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Marketing Movies Online

In most industries, brands are built over years, sometimes decades. The theatrical release of movies is unique, because its current formula for success relies on building a brand in a few weeks. While press and buzz are important, heavy advertising is a requirement to drive awareness, favorability and to finally get “butts in seats” as Hollywood likes to put it. Box office revenue on the first weekend is used as a predictor of the lifetime value of each movie title, including future revenue from pay-per-view, DVD releases, international rights, etc. Careers are made and unmade in Monday morning meetings at many studios, and there is seldom a second chance if your advertising did not resonate prior to that crucial opening weekend.

As movie-marketing budgets have increased along with the sheer diversity of titles competing for the viewer’s attention on any given weekend, it is not unusual to see budgets for tentpole releases in the $40-50 million range. Just a few years ago, $15 million was considered an enormous sum, according to Dan Rosen, formerly head of Research at Warner Brothers, and now speaking as a private citizen. “There may be 40 titles competing for a moviegoer’s attention on a typical summer weekend, if you count new releases, holdovers and home entertainment titles.”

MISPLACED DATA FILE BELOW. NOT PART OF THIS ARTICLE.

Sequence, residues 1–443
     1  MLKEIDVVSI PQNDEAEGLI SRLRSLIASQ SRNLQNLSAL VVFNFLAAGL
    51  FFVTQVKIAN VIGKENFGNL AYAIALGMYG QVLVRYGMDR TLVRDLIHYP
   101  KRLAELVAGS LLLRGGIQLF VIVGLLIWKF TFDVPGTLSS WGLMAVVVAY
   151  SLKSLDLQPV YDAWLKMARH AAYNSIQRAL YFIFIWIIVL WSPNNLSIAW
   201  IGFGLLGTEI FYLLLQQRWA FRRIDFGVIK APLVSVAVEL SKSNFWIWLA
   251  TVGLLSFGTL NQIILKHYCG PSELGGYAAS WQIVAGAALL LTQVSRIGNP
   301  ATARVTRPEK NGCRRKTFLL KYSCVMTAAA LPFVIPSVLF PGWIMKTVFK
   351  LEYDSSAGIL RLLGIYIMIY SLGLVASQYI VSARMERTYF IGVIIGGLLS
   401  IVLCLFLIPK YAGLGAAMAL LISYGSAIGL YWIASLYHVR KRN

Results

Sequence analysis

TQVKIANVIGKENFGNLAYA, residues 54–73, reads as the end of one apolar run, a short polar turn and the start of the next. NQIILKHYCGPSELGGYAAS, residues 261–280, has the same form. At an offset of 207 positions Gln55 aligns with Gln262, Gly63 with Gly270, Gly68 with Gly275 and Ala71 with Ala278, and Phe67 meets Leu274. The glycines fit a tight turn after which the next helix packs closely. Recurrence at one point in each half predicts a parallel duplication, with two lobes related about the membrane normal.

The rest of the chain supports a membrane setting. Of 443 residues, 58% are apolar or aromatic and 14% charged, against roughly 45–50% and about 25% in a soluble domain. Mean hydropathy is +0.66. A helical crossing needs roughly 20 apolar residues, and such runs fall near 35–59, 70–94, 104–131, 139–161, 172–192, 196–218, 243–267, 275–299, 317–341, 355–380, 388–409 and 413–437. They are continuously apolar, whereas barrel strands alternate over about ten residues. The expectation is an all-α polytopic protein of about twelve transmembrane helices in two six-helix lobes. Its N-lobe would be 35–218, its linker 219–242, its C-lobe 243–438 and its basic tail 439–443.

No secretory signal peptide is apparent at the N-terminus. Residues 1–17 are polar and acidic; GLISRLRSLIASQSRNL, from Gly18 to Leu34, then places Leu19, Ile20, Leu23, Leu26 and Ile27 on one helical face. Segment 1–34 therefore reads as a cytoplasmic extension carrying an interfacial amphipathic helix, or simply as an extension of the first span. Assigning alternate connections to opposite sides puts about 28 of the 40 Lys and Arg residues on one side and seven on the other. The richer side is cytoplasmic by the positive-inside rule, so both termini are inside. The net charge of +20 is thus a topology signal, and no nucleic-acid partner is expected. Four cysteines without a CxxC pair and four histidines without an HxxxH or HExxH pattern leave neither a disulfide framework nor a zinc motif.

Let’s take a look at the role of the Internet in movie marketing according to Dynamic Logic data that compares the responses of people who saw the online advertising (“exposed”) and with a similar group who was not shown the online media (“control”).

On average, exposed numbers tend to be higher than control numbers across all five core branding metrics (Figure 1). The five deltas (differences between control and exposed ads) are consistently higher than averages across all industries, and this indicates that movie marketers do a great job with the online medium relative to other industries (Figure 2).

Figure 1: Online ads for Movies

Figure 2: Online ads for Movies Compared to All Online ads

MarketNorms Movies data through Q2, 2004 based on 39 movie campaigns with 41,301 respondents. Overall data based on 1,378 campaigns and 1,552,168 respondents.

Rosen agrees, saying that the Internet has become a significant force, particularly in the last two years. But he also adds that its role is still tertiary or secondary at best when compared to traditional media. Movie marketing is only going to get more expensive and more competitive in the near future, and marketers will continue to explore creative uses of Internet media since TV has become somewhat less reliable than it used to be. He expects true convergence between media types to start becoming a reality in the next few years.